Royal Catchfly Plant

Status: In Stock
genus Silene Hardy Planting Zones- 5-8 Sun or Shade – Full to Partial Sun Mature Height - 12-18" Mature Width- 12-15" Bloom Season – Spring to Summer Gardener Status- Beginner

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Royal Catchfly Plant - Silene Regia

Royal Catchfly Plant has bright red, star-shaped flowers that bloom from June to August. The unbranched stems are covered in white, sticky hairs that trap insects. These slow-growing plants are endangered in many states but work best in zones 4-9 with well-drained sandy soil or gravel in full sun. They can reach a height of 24”-36” and are often used as a border or in butterfly gardens.

The Royal Catchfly plant also knows as the silene viscaria, Red German catchfly, and Clammy Campion is a sticky catchfly plant which is initially a plant that favors rough outcrops, edge inclines, dry slopes and sandy glades. The family of this plant is the color of pink also known as the Caryophyllaceae. It has unmistakably made utilization of human movement by spreading to pastures and sunny roadsides. The Silene viscaria can also deal with long stretches of the dry season since its taproot sinks up to a meter into the ground (a run of the mill xerophyte).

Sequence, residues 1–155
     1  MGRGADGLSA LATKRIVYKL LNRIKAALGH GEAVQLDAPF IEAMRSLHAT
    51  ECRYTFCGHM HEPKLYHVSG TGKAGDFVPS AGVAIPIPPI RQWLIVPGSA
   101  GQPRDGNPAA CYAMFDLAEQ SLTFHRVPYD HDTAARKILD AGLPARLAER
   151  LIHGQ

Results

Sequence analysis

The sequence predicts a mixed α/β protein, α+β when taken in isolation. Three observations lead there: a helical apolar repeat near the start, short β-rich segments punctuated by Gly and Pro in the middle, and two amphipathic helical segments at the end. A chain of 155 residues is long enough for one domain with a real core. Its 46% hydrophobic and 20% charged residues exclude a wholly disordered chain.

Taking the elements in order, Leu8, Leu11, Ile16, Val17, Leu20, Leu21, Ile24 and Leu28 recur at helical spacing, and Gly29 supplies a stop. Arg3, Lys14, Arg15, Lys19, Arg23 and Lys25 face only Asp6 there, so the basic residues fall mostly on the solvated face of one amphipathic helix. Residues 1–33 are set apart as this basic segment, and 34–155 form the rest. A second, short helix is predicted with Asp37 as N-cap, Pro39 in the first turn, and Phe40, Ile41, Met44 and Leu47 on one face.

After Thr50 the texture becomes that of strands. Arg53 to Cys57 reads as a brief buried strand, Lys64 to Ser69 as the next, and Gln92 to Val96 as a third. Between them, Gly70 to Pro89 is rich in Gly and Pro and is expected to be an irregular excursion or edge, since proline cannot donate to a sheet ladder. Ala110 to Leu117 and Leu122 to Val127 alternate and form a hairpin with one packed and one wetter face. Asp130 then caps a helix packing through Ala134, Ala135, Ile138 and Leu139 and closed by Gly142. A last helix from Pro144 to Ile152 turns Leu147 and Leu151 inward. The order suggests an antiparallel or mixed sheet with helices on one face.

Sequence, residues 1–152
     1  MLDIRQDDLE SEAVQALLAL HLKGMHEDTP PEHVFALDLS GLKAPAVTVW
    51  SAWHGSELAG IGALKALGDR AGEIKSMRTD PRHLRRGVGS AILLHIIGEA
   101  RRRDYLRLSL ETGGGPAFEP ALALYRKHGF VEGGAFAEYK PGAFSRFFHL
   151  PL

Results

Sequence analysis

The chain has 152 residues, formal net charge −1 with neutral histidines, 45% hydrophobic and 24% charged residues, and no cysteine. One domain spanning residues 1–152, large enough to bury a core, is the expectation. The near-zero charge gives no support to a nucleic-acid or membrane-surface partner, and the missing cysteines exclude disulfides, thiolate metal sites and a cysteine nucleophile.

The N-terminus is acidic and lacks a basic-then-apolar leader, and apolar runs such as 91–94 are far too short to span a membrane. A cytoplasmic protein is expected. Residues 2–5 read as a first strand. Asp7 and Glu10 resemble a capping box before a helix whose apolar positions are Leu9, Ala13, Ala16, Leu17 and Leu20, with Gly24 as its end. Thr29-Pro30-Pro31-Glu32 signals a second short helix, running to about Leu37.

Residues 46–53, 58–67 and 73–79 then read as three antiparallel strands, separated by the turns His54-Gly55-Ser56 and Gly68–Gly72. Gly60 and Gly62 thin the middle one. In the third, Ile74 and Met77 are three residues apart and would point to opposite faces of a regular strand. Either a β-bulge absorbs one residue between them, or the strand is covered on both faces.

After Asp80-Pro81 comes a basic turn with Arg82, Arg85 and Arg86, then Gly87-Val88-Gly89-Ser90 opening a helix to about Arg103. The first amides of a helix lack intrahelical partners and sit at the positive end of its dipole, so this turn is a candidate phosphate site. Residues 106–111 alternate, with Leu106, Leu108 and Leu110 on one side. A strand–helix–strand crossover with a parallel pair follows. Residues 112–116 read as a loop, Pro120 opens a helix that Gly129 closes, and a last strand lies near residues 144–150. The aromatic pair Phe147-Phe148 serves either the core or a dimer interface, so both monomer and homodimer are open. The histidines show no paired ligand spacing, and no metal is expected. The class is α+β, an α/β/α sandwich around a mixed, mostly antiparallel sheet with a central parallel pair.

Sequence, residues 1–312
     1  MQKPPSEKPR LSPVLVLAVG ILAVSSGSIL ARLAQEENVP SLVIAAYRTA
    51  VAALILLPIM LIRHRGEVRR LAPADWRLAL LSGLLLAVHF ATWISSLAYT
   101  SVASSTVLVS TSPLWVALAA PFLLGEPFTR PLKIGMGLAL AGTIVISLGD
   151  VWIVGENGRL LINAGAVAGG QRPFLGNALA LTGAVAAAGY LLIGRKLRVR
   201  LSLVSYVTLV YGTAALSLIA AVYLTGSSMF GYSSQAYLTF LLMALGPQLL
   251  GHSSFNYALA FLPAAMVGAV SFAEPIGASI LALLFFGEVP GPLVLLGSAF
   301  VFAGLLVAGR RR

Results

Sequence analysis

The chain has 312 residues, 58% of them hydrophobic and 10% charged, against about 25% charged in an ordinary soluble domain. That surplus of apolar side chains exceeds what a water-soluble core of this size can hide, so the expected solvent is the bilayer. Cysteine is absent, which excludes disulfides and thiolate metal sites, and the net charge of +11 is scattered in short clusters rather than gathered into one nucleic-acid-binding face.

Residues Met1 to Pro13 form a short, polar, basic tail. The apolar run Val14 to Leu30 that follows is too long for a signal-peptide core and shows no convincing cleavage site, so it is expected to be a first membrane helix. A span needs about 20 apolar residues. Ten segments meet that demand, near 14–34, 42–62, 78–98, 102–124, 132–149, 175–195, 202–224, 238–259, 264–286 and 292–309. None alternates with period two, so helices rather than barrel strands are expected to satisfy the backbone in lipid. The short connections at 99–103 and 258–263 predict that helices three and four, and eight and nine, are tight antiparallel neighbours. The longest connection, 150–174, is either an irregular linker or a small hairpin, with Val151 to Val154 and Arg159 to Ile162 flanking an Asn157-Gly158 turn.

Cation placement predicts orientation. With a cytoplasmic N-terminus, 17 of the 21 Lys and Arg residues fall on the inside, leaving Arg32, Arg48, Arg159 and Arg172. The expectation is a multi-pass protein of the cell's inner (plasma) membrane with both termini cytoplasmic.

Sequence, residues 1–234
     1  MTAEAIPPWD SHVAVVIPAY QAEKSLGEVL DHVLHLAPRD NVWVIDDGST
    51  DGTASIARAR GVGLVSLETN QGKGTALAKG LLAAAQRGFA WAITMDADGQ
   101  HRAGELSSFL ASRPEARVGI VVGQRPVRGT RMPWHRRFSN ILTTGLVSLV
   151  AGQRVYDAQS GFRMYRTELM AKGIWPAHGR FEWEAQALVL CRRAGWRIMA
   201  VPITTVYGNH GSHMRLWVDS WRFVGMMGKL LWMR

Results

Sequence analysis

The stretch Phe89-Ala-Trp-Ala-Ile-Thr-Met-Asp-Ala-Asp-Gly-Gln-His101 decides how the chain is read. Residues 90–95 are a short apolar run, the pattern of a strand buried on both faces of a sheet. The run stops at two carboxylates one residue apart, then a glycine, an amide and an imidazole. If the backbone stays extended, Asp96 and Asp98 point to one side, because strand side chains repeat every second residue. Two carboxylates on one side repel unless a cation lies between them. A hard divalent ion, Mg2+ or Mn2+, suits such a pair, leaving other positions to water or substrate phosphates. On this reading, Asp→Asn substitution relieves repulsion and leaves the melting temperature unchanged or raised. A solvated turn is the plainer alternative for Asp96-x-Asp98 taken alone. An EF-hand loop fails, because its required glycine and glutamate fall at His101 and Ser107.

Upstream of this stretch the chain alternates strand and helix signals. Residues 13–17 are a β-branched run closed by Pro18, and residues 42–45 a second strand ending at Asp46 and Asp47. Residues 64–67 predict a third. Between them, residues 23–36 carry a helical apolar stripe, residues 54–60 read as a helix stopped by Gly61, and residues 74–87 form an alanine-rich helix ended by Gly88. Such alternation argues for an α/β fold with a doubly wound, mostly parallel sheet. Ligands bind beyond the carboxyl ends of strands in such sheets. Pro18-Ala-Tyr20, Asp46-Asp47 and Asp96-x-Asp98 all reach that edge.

Royal Catchfly Plant is best known however for the ruddy dark colored sticky substance that covers the upper piece of the stem and which has given the plant its reasonable and logical names. Perennial herb is the growing form of the Silene vicarious. It is suspected that the emission is the plant's method for thwarting predators, particularly ants who attempt to climb the stem and push their way into the bloom. The verification of the proficiency of this framework can regularly be witnesses for oneself: aside from a wide range of trash, numerous sorts of both winged and wingless creepy crawlies can be discovered adhered to the stem. If sticky catchfly plant is picked for the bloom vase, the targets everywhere throughout the picker's hands. Now and then a pink-blossomed variant can be discovered which secretes no fluid by any means. Its littler relative snow capped catchfly is (S. Alpina) emits no tar by any stretch of the imagination or practically nothing.

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Royal Catchfly Plant


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